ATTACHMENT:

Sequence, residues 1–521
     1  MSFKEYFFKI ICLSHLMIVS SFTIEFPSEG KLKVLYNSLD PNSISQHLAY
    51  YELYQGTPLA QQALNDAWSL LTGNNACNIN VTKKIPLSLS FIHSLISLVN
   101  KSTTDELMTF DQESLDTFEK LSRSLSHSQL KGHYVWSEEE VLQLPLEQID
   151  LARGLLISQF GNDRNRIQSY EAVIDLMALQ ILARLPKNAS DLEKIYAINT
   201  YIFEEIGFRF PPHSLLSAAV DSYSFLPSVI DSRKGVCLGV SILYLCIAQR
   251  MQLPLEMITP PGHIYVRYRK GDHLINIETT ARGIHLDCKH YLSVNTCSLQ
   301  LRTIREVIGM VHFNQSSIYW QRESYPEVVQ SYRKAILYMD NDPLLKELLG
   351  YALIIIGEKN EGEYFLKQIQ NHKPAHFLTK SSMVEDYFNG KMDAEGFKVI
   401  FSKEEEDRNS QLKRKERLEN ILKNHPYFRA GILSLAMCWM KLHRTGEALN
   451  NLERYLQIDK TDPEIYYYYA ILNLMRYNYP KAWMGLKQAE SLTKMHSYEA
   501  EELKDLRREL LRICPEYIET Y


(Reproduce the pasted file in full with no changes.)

Sequence, residues 1–521
     1  MSFKEYFFKI ICLSHLMIVS SFTIEFPSEG KLKVLYNSLD PNSISQHLAY
    51  YELYQGTPLA QQALNDAWSL LTGNNACNIN VTKKIPLSLS FIHSLISLVN
   101  KSTTDELMTF DQESLDTFEK LSRSLSHSQL KGHYVWSEEE VLQLPLEQID
   151  LARGLLISQF GNDRNRIQSY EAVIDLMALQ ILARLPKNAS DLEKIYAINT
   201  YIFEEIGFRF PPHSLLSAAV DSYSFLPSVI DSRKGVCLGV SILYLCIAQR
   251  MQLPLEMITP PGHIYVRYRK GDHLINIETT ARGIHLDCKH YLSVNTCSLQ
   301  LRTIREVIGM VHFNQSSIYW QRESYPEVVQ SYRKAILYMD NDPLLKELLG
   351  YALIIIGEKN EGEYFLKQIQ NHKPAHFLTK SSMVEDYFNG KMDAEGFKVI
   401  FSKEEEDRNS QLKRKERLEN ILKNHPYFRA GILSLAMCWM KLHRTGEALN
   451  NLERYLQIDK TDPEIYYYYA ILNLMRYNYP KAWMGLKQAE SLTKMHSYEA
   501  EELKDLRREL LRICPEYIET Y